‘Madman’ is one of several short, two-line poems written by Paul Durcan that speaks simply, but poignantly, on important topics. This particular poem engages with themes of childhood, fear, madness, and memory.
The two lines of ‘Madman’ suggests a universal truth: that every child has a madman living near their house. Durcan’s speaker feels this to be true but then adds onto it, saying that in his case, the madman was his father.
You can read the full poem here.
Structure and Poetic Techniques
‘Madman’ by Paul Durcan is a two-line poem that does not conform to a rhyme scheme. The lines are conversational, using simple diction and syntax. A close reader will be able to find a few poetic techniques in this very short poem though. These include enjambment, repetition, and assonance.
The latter, assonance, is the repetition of vowel sounds within words. For example, the “o” sound in “about,” “our” and again, “our” in the second line. Repetition itself is another feature of ‘Madman’. It is defined as the use and reuse of a specific technique, word, tone or phrase within a poem. In this poem, the word “madman” appears in both lines. In another longer poem, the use of a word twice might not catch a reader’s eye, but in this case, since the text is so minimal, it becomes a prominent feature.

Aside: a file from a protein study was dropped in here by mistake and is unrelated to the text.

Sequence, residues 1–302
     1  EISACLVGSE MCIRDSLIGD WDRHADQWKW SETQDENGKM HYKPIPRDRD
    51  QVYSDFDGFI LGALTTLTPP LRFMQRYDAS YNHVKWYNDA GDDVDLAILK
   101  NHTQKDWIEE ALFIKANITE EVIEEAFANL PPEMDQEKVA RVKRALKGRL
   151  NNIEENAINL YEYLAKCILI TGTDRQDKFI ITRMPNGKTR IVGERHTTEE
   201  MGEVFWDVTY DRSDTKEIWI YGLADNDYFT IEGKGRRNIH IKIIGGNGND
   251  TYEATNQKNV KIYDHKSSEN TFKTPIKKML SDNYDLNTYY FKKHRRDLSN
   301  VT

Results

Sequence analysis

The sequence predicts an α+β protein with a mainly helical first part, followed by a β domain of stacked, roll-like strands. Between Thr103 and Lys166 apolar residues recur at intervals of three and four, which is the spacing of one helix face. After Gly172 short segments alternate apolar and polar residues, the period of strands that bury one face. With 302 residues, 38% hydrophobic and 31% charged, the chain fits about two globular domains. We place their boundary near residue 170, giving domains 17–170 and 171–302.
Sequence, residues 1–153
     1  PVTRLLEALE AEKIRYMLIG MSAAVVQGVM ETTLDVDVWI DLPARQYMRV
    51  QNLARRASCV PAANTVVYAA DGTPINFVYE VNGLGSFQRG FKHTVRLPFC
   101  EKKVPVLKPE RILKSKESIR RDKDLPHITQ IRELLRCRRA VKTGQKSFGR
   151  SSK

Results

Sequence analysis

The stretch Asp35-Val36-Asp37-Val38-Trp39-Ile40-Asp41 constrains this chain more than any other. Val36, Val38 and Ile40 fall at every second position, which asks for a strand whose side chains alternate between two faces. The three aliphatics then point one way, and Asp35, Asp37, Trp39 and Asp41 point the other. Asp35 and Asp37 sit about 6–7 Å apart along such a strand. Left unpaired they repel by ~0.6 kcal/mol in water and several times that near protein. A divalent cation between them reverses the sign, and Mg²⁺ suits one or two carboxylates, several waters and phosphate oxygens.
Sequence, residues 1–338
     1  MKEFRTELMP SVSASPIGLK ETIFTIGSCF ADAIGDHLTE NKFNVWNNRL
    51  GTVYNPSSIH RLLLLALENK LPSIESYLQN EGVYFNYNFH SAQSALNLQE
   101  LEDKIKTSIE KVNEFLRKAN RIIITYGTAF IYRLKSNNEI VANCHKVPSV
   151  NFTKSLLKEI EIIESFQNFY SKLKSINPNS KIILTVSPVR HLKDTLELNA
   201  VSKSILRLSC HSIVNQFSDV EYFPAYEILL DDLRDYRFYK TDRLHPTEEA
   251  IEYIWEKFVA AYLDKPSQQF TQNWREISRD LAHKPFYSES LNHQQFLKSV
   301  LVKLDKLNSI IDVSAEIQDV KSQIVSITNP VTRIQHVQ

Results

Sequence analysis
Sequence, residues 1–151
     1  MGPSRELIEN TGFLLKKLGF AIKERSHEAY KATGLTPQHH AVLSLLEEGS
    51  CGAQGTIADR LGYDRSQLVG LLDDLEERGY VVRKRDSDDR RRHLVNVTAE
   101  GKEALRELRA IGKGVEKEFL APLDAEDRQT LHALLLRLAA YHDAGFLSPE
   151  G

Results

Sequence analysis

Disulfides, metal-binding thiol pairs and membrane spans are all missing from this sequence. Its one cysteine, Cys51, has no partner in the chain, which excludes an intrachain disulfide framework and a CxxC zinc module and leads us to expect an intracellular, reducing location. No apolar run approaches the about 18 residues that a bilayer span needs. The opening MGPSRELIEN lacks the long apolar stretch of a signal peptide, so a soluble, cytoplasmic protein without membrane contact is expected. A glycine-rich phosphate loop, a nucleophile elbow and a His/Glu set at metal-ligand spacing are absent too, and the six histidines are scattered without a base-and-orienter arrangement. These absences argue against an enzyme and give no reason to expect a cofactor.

Another important technique commonly used in poetry is enjambment. It occurs when a line is cut off before its natural stopping point. Enjambment forces a reader down to the next line, and the next, quickly. One has to move forward in order to comfortably resolve a phrase or sentence. The transition between the two lines of ‘Madman’ is a perfect example.
Analysis of Madman
Every child has a madman on their street:
In the first line of ‘Madman’, the speaker makes a simple statement. It is enjambed at the end, encouraging the reader to move quickly to the second, and last, line of text. The first line speaks to something the speaker sees as being universal, a “madman” on every child’s street. Or, at least the perception of a “madman”. Through this phrase he is asking the reader to consider their own childhood and whether or not they felt the same.
The second line picks up where the first left off. Here, the speaker reveals that he, and perhaps his mother and siblings, had a “madman” inside their house. The first line might remind one of their own childhood and the imagination that went along with it. The second is meant to strike deeper. It alludes to abuse, physical or mental. The fact that the speaker also very simply says that “he’s our father” is moving.
A reader should also consider the perspective from which these lines were written. Did they come from an adult speaker? Or a child?